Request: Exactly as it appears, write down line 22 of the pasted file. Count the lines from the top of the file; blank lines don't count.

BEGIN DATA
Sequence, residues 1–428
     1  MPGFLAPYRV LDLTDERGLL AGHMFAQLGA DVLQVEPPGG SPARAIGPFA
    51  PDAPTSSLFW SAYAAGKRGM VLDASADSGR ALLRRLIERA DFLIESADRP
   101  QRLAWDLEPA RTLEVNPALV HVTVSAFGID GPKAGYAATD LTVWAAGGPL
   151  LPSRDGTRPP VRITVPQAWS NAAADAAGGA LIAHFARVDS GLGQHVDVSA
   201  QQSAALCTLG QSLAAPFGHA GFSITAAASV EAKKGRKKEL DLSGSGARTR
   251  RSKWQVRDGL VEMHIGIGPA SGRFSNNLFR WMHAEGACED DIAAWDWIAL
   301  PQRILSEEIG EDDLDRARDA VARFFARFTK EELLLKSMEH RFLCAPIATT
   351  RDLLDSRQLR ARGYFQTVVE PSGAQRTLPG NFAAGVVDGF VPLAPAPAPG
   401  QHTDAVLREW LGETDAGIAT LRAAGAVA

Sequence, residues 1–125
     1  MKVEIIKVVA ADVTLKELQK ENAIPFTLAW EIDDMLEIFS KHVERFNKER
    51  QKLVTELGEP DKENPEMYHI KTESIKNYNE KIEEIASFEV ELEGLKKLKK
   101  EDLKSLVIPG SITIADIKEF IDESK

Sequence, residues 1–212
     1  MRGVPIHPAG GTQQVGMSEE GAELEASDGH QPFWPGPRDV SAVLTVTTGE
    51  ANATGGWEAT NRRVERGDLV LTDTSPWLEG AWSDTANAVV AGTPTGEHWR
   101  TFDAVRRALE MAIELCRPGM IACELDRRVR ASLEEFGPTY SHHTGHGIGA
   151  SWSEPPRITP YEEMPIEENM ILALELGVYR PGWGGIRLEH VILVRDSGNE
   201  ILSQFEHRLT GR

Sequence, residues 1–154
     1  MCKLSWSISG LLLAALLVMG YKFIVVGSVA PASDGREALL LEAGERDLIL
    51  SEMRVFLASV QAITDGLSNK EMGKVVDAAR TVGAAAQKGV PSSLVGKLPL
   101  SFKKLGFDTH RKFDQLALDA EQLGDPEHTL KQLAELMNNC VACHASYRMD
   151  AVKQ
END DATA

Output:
     1  MCKLSWSISG LLLAALLVMG YKFIVVGSVA PASDGREALL LEAGERDLIL